In Shermer’s 1997 book Why People Believe Weird Things, he changed a quote of mine in which I referred to myself as a “revisionist,” altering it so that I call myself a “denier.”
Shermer admitted to me in a recorded conversation that he lied to the readers of Skeptic magazine by claiming that the phony “gas chamber” I examined at the Majdanek camp was made of wood and not brick (important because brick can retain traces of cyanide gas):
Me: That part where you claim I was in the wooden not the brick building during my investigation, makes me look stupid, like I didn”t know wood from brick.
Shermer: Well, it sorta came down to, that was the final segment of the article that needed to be done, and uh, uh, with, with like, one night to go, uh, and, and that was, the best I could do.
Me: What do you mean, the best you could do?
Shermer: That was the best I could do to answer your questions. Either that or leave them out entirely, which I didn”t want to do.
Me: But you realize though, at this point, that that wasn”t the wooden barrack that I was in. You realize that we”re talking about the brick building and not the wooden barrack.
Me: And you know that I could have told you that, if you”d just asked me.
Shermer: Right. [pause] Well, I didn”t.
In the same conversation, Shermer admitted purposely slanting his article to deceive his readers about the strength of the revisionist case:
Me: I just want to get an honest answer on this. You admit that you slanted the article.
Shermer: What do you mean by slanted?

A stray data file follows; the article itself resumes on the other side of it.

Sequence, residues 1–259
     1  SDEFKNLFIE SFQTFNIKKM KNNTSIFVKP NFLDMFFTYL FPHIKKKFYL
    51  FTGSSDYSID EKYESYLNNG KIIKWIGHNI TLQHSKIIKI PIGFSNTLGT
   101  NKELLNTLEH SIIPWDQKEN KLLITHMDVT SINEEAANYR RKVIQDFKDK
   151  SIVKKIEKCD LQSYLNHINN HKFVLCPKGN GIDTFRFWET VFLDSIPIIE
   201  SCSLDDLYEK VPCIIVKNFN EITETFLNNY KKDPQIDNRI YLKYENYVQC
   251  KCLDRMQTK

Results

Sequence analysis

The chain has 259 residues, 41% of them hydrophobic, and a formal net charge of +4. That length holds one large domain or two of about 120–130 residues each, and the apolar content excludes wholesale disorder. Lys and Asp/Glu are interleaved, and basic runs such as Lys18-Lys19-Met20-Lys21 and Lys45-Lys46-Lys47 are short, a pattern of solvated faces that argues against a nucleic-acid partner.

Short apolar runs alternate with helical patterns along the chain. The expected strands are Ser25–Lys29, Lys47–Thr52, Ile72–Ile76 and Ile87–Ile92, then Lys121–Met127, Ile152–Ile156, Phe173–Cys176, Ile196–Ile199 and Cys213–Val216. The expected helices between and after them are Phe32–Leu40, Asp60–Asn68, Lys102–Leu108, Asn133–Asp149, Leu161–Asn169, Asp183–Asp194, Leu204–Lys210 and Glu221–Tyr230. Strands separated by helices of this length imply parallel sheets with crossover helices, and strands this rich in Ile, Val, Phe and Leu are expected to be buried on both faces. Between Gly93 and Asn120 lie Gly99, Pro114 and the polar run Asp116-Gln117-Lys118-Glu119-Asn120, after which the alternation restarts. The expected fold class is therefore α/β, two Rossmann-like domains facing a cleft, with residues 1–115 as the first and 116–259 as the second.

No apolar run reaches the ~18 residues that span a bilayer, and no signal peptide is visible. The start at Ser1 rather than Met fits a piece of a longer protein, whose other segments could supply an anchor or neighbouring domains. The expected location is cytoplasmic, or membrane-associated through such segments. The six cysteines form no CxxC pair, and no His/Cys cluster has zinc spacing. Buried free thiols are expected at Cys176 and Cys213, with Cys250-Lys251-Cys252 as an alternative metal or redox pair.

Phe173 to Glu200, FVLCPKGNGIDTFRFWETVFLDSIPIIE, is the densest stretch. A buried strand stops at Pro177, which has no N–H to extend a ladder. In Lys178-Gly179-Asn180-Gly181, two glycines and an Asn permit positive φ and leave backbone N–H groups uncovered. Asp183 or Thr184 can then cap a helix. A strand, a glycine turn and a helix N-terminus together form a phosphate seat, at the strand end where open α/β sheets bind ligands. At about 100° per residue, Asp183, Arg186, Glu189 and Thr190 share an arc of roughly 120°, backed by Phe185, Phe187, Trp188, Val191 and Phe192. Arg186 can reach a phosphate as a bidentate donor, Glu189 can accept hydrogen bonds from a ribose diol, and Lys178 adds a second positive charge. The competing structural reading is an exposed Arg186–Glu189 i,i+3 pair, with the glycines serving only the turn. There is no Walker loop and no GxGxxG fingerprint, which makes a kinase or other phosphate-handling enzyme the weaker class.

Me: That you engineered it with a few omissions here and there, and a few oversimplifications here and there, to make the revisionist position on the gas chamber/genocide issues seem a little less strong than it could be if you had been a little more objective.
Me: You do admit that?
I”ll add that in 2007 Shermer copped to posting a fraudulent “news” story claiming that the National Park Service was formally embracing Creationism on orders from President Bush. Shermer later admitted that the story was “absolutely false,” and that he”d been “duped” into believing it (I shouldn”t make fun of him, considering the money I made in “94 by selling him magic beans).
That Shermer would champion the Google “incorrect facts” ranking policy shows the gulf that exists between the man he is and the man he believes himself to be. How else could such a dishonest man write a book with the haughty title “The Moral Arc”? I honestly don”t think he sees himself as a liar; he’s far too narcissistic. Yet his inability to confront his true nature leaves him baffled when those around him doubt his credibility, as in the case of the rape allegations that were publicly leveled against him in 2013 by a fellow skeptic. It was entirely a “he said/she said” situation, and quite a few skeptics did not buy what Shermer said. I have no special insight into the allegations, but I can say that Shermer has no one but himself to blame when even his own comrades don”t take him at his word.
I suspect that, should the Google “incorrect facts” plan ever launch, Shermer will be perplexed by his diminished search rankings. He”ll wonder why the “trustworthiness” model doesn”t favor him, and, in the style of today’s crop of smug, arrogant “skeptics,” he”ll blame everything but his own actions, and he”ll look everywhere but inward.